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Home » Teaching English Abroad » Canada » Teaching Multilingual ESL Classes in Canada

Teaching Multilingual ESL Classes in Canada

Teaching English immersion in Canada provides a great opportunity to learn how to teach English to people from all over the world. When I taught English in Toronto, most of my ESL students were from South Korea, Japan, Brazil, Colombia, Mexico, Turkey, or Saudi Arabia, so there is a wide spectrum of language interferences and accents that will challenge even the most experienced ESL teacher. This challenge also presents a great opportunity for ESL teachers to search deeper into the TESOL methodology. This blog will show you how to overcome some of the most common challenges you will encounter teaching English in Canada, including pronunciation issues and boring ESL textbooks.

About the Author: Clare Linton completed the Advanced 120-hour TESOL Certificate with OnTESOL and the 20-hour Practicum at a language school in Toronto. OnTESOL offers TESL Canada and TESL Ontario-approved online TESOL certification courses. Got questions? Request a callback (USA / Canada)

5 Tips for Teaching Pronunciation in Multilingual Classes

1- Introduce a multilingual class to the phonemic chart one phoneme at a time. Every morning, present one word spelled in its regular form and in its phonemic form. Try to choose words that were discussed the previous day that students struggled to pronounce or words that are meaningful to them, such as their name or hometown. Do drills as a warm-up and give sample sentences. Show the word stress and where it exists in this word. Eventually have students create their own sentences as a team race or at the end of the week have students create a group story using all the words taught throughout the week and have them each present a part of the story to the class.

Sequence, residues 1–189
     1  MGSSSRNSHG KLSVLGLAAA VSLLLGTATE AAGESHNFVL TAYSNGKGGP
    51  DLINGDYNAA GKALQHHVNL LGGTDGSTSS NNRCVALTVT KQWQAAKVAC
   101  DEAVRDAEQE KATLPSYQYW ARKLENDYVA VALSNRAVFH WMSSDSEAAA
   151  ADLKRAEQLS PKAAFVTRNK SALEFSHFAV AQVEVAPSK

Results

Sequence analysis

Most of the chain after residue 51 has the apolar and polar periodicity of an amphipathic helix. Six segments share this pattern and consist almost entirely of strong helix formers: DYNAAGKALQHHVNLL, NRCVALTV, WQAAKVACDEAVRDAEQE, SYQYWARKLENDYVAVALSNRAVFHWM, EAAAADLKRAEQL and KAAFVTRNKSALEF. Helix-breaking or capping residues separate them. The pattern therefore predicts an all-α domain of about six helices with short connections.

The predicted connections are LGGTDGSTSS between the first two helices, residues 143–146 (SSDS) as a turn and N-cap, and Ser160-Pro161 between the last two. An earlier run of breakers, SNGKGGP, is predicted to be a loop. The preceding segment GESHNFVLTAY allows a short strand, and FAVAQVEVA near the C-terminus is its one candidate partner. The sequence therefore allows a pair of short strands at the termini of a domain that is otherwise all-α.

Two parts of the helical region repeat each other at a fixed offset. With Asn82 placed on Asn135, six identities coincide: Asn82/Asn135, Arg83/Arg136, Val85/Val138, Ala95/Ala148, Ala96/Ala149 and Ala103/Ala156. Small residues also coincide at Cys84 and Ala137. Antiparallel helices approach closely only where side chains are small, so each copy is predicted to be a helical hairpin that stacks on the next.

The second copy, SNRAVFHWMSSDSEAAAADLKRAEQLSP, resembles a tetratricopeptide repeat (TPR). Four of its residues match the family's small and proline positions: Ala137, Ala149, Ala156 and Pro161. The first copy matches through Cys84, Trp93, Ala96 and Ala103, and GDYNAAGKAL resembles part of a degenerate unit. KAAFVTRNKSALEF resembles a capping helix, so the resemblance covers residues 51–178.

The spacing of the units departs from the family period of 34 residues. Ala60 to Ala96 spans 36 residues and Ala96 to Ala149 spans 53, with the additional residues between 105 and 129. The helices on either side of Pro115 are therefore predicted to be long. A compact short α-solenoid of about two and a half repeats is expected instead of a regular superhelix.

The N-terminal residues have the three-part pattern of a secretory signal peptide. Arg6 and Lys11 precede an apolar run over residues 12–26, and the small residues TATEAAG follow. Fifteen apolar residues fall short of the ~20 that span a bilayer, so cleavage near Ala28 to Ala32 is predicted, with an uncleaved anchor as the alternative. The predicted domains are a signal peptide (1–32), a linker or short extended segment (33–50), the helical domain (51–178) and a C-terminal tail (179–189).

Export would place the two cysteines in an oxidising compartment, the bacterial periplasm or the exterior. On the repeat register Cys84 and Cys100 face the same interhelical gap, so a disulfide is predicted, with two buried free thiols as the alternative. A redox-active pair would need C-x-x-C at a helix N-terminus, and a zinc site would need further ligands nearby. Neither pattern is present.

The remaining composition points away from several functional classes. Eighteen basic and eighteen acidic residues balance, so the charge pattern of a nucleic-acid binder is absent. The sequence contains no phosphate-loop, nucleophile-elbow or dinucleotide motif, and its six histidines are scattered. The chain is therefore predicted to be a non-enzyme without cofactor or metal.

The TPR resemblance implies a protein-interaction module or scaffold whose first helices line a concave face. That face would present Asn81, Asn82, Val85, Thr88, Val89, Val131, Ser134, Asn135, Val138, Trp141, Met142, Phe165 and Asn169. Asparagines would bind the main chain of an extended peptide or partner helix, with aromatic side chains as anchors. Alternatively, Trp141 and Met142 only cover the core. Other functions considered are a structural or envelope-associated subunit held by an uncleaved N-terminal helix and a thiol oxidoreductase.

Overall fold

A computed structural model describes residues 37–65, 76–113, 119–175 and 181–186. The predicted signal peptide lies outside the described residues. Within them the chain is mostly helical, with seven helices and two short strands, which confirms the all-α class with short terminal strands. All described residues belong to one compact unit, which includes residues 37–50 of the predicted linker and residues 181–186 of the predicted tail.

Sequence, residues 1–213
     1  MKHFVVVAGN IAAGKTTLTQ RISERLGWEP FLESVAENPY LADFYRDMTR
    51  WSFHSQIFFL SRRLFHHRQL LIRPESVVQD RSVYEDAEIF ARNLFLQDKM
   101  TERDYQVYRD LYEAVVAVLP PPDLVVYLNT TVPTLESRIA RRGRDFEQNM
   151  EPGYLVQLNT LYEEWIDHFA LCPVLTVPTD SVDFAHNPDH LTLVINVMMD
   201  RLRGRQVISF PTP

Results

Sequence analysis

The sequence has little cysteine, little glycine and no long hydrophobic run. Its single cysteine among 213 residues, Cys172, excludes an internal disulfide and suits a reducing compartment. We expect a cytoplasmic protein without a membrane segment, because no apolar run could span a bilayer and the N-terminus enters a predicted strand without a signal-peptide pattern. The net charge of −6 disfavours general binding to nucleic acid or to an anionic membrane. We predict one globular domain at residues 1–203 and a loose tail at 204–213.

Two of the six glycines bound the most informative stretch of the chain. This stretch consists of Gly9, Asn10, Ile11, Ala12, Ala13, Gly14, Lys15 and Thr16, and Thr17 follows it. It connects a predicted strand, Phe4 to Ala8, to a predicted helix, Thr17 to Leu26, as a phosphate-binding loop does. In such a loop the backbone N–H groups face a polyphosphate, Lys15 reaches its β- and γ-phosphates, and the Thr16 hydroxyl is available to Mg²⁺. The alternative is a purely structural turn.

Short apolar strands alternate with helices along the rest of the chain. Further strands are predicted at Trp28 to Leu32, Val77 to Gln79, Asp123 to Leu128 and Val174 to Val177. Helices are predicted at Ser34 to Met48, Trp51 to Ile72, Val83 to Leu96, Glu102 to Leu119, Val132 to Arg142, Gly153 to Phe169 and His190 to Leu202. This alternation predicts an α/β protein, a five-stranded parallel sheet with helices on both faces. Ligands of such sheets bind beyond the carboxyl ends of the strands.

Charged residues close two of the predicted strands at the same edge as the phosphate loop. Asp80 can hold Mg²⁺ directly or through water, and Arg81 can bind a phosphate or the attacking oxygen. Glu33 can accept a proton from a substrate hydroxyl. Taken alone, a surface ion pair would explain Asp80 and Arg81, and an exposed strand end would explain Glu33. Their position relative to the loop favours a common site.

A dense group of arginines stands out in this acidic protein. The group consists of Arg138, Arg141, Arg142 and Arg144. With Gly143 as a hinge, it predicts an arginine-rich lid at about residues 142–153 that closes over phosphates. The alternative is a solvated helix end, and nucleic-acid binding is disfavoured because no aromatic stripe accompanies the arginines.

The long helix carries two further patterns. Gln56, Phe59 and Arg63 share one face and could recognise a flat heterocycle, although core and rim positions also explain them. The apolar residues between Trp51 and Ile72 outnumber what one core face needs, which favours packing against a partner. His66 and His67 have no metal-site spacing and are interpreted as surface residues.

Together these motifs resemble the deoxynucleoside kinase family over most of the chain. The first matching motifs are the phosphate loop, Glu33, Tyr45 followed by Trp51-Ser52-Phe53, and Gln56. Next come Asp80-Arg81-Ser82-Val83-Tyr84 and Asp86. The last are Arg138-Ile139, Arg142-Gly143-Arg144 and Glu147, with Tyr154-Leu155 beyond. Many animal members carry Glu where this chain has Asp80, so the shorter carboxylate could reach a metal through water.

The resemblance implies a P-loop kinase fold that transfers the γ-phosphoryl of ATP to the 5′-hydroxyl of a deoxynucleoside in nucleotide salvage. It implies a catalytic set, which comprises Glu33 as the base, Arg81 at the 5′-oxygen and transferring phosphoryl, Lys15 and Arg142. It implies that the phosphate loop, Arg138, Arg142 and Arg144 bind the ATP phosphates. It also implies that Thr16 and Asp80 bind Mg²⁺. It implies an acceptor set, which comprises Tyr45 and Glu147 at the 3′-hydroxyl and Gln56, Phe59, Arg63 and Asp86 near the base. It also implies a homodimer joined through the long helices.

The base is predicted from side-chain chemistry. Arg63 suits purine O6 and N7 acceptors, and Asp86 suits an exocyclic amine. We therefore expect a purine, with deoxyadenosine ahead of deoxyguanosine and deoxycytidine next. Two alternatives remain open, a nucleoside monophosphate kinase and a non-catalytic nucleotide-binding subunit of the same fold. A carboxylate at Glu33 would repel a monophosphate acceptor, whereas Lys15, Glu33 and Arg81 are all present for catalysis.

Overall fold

2- Keep accurate notes on certain problems each student faces and give them different techniques for dealing with their particular challenges as weekly homework.

3- Sometimes, it’s possible to adopt a general approach and include specific practice in general exercises. For example, if you have one student who has problems with the sh and ch sounds then create a general activity involving sh and ch sounds which include practice with these nouns as well as other nouns related practice. The whole class can participate and learn from it. In this way, you are helping the student or group of students with his/her/their specific problem.